Grandma crossed her arms in disbelief.   "Now, Henry, I thought you stopped going because they kept asking you for money?"
   Grandpa stood up.   "It's not just the money; the rules, the minister saying look to God and yet trying to solve our problems using something out of a self-help book.   A lot of it just don't make sense."
   "But Henry, that's the way it is.   Why don't you just go along with it and stop trying to figure it out?"
   Henry shook the comics over his head.   "BECAUSE I'M NO BALD-HEADED NIN-COM-POOP!"
   "Henry what on earth are you . . . ?"
   "I'm not," Henry continued, "going to just follow something that I can't make sense out of just because some minister says, ‘Trust me!’   If they can't explain it to my satisfaction, then why should I trust my soul to it?"
   "But, Henry, who says it can't be explained?"
   Henry shook his head, and plopped himself back in his chair.   "Okay, Martha, go ahead.
You tell me why we have to earn our way to Heaven if Jesus supposedly paid the way for us?   You couldn't explain it to a ten year-old.   I doubt if you could explain it to me."

   Grandma was stunned, surprised by her husband's out break, and even more surprised by his reasoning.   In 47 years of marriage she couldn't remember the last time he made more sense . . .

Dear Reader, The Bible says: "if righteousness come by the law, then Christ is dead in vain."   (Gal. 2:21)   Think about it, if you could earn your way into Heaven then Christ died for nothing.   However, His death was not in vain, it served an important purpose.   It provided a reconciliation to God that was not possible any other way.   Here's why:

The Bible teaches that, "your iniquities [SINS] have separated between you and your God, and your sins have hid his face from you, that he will not hear."   (Isa. 59:2)   "For all have sinned, and come short of the glory of God;" (Rom. 3:23).   And there is a price to pay for having sinned before God, and that price is death.   "For the wages of sin is death; but the gift of God is eternal life through Jesus Christ our Lord."   (Rom. 6:23)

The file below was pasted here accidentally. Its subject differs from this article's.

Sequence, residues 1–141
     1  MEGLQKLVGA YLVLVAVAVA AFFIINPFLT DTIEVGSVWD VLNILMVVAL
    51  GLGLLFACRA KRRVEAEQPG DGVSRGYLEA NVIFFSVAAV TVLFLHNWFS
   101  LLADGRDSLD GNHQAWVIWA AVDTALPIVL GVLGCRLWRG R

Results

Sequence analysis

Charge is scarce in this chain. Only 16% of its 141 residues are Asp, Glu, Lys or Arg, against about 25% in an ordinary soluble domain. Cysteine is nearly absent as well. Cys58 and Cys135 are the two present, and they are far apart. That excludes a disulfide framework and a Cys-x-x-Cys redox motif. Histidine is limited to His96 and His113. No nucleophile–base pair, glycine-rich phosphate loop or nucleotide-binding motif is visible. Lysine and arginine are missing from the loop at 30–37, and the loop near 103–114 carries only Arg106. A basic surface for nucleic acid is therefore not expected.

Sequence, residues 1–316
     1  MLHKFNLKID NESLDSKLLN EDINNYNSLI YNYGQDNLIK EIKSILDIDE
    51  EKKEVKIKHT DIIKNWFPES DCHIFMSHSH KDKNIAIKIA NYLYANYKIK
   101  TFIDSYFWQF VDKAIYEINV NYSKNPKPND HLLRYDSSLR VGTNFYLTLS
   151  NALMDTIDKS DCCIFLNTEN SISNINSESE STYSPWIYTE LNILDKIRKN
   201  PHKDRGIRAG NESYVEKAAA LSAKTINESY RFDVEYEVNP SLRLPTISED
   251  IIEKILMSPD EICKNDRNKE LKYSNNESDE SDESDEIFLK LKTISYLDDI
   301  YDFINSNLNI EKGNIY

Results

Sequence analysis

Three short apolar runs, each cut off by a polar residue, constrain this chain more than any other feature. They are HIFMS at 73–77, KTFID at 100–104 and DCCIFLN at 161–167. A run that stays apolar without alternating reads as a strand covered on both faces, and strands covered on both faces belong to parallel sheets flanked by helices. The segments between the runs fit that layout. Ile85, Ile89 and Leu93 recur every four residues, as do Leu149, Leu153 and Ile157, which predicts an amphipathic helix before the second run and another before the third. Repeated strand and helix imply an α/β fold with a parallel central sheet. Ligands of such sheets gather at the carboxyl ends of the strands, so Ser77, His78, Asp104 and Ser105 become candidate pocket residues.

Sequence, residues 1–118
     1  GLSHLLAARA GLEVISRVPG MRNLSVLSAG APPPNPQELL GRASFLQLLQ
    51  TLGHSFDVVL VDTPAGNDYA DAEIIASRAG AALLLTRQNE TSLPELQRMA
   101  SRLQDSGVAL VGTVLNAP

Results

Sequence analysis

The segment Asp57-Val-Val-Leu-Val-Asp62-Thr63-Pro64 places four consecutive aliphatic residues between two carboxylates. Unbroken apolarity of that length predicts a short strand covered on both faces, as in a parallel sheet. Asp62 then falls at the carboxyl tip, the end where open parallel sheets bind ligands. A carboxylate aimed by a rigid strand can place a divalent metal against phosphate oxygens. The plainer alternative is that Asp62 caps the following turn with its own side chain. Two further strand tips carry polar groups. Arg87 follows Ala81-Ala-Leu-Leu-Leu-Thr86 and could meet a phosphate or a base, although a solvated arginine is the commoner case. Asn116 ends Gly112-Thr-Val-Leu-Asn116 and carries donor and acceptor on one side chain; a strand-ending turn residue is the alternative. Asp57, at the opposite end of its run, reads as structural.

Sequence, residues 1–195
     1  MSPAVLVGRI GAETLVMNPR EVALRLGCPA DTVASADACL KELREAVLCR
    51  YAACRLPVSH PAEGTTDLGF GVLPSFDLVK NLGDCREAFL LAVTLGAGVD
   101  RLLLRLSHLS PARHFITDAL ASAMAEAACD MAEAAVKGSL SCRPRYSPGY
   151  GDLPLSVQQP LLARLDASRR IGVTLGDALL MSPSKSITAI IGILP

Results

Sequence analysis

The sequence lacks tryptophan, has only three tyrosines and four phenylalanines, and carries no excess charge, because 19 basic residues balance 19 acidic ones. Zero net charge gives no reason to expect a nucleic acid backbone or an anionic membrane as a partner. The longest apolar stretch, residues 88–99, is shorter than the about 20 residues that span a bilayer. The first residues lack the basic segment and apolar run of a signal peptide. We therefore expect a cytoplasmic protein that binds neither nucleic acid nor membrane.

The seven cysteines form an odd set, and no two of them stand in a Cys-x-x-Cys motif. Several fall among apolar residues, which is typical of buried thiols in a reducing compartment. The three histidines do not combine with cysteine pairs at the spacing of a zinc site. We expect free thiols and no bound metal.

"and without shedding of blood [DEATH] is no remission [FORGIVENESS]."   (Heb. 9:22)

Of course, this means that BAPTISM cannot pay for your sins since no one dies while getting baptized, nor can CONFIRMATION, COMMUNION, KEEPING THE TEN COMMANDMENTS, CHURCH MEMBERSHIP, SELF-RIGHTEOUSNESS, or GOOD DEEDS.   Anything other than death CANNOT and WILL NOT pay for any of your sins.   That's why:
"Christ died for our sins" (1 Cor. 15:3).

He paid the price.   He died in our place and if we don't put our trust in His death to save us,
Jesus warned that: "ye shall die in your sins: for if ye believe not that I am he," (John 8:24).   And that means eternity in the Lake of Fire (Rev. 20:15).   To claim what Christ has done on the cross for you, you must REPENT.   That means: change your mind, and agree with what you have just read from the Bible and place all your trust in Jesus Christ, and Him alone, to save you.   So "if thou shalt confess with thy mouth the Lord Jesus [i.e. REPENT], and shalt believe in thine heart [TRUST] that God hath raised him from the dead, thou shalt be saved" (Rom. 10:9).